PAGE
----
Research is showing that music and musical training can have positive impacts on cognitive mechanisms that help ADHD individuals be more attentive and less distracted while performing demanding tasks. Here are some ways you can use music to help your ADHD child be calmer and more productive.
Being in a relationship with someone who has ADHD can be challenging. The issues of attention, communication, procrastination, disorganization and impulsiveness that an ADHD individual must grapple with daily, can add significant stress to relationships. It can leave you feeling ignored, neglected, and frustrated, Understanding, combined with strategies to help lessen the impact of ADHD on your relationship, can help you and your partner enjoy more of the time you spend with each other.
It’s not easy for parents managing kids with ADHD, jobs, after school activities and community obligations. Parents can feel overwhelmed and stressed by modern day parenting. The research shows that small doses of Mindful practice can be helpful in Executive Function challenges, mind wandering, and emotional regulation. It’s important to start with yourself. If you feel a bit less stressed and a bit more mindful, your children will be more likely to join with you in the journey to calm. Here are a few tips to help get you going.
ADHD can lead to overeating and excessive weight gain. Over time, this can result in other health problems. However, the food and exercise routines you build as part of an informed dieting plan can keep you in good health throughout your life. Here are some tips for building a weight loss plan you can stick with.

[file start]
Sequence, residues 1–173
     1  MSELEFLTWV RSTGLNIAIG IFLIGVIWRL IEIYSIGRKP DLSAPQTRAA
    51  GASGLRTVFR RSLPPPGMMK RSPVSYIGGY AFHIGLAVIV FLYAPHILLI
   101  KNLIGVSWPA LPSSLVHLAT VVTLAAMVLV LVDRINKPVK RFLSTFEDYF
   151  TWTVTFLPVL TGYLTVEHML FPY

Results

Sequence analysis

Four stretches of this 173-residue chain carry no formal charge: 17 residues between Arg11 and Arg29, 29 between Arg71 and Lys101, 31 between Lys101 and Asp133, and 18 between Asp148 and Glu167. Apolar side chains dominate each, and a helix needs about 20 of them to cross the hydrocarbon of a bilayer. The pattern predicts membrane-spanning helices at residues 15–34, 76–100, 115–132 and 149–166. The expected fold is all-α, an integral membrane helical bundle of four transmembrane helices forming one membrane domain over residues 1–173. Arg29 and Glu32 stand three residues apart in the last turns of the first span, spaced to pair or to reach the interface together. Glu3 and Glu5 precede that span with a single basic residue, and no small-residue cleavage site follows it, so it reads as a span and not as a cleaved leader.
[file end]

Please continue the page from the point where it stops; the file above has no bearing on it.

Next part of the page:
Multitasking, or rapidly switching your attention from one task to another and then back again, was once heralded as a necessary survival skill for our fast-paced world. But research has shown that multitasking doesn’t work for cognitively demanding tasks. For the ADHD brain – which craves stimulation and can become easily bored – multitasking is a temptation to be avoided, especially at work. Learning to be a “single-tasker” can make your daily living both more productive and less stressful.
Individual with ADHD can struggle with cognitive issues. So-called “brain training” games or apps have been offered as one way for them to improve concentration, organization skills, and memory. Part of the key to success with these tools is knowing which ones work best for your situation, and how to use them to maximum advantage. Here are some tips for getting the most out of brain training apps.
The holiday season is here and the holiday marketing push has begun in earnest. We are all susceptible to spending more than we should during the holidays, but the impulsive, quick reacting nature of ADHD makes impulse buying all the more tempting. If you have ADHD and find yourself being pulled into a spending vortex, here are some tips that can help – not just during the holiday season, but throughout the year.
The internet has evolved into a wonderfully useful medium for learning new things, staying up on the news, shopping, and keeping in touch with friends on social media. For individuals with ADHD, it provides instant rewards, lots of stimulation, and an almost infinite variety of things to explore. But it can draw the ADHD brain into an endless rabbit hole where significant amounts of unproductive time is spent. Here are some tips you can use to help keep your Internet usage in check.
Going back to school can be a stressful time for children with ADHD, as well as for their families. The more relaxed environment of summer is replaced by arguments over homework, paying attention and following directions at school. It doesn’t have to be that way if you start the school year by discussing a plan with your child to help reduce the stress on everyone from the start. Here are some things to consider for your back to school game plan.